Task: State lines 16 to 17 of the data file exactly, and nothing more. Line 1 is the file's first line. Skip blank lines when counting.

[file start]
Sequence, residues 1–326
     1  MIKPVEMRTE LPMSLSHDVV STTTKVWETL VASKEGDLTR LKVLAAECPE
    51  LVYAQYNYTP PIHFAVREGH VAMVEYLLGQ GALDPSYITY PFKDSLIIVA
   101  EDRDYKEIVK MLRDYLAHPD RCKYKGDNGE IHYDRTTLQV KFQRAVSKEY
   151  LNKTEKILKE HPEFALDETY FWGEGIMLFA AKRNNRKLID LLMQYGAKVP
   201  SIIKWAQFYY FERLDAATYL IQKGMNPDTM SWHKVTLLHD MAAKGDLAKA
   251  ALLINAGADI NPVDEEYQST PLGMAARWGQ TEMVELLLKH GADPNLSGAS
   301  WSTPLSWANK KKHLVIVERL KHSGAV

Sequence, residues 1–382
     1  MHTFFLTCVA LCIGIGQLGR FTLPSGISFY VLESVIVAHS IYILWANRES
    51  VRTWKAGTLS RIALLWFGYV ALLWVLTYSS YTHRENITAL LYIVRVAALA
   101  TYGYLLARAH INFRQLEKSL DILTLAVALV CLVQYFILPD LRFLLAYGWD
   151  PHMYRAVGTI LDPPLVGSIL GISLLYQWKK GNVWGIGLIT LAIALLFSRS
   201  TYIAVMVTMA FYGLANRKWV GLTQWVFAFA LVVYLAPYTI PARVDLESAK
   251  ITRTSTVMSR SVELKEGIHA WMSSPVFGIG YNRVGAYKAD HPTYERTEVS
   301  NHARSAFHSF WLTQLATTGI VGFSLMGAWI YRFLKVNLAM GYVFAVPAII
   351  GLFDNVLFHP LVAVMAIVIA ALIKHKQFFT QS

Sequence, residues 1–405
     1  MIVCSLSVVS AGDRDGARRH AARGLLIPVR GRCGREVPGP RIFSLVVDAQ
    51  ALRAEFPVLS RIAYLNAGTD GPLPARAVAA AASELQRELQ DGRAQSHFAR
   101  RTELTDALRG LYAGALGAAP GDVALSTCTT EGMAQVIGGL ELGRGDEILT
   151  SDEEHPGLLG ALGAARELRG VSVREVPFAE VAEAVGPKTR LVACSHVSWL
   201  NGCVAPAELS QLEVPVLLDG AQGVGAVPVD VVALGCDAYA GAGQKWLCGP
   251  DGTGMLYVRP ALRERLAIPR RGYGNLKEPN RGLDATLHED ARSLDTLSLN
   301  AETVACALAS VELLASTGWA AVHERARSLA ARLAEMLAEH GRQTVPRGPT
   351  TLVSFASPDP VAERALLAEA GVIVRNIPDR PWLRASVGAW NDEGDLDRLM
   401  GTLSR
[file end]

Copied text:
   301  NHARSAFHSF WLTQLATTGI VGFSLMGAWI YRFLKVNLAM GYVFAVPAII
   351  GLFDNVLFHP LVAVMAIVIA ALIKHKQFFT QS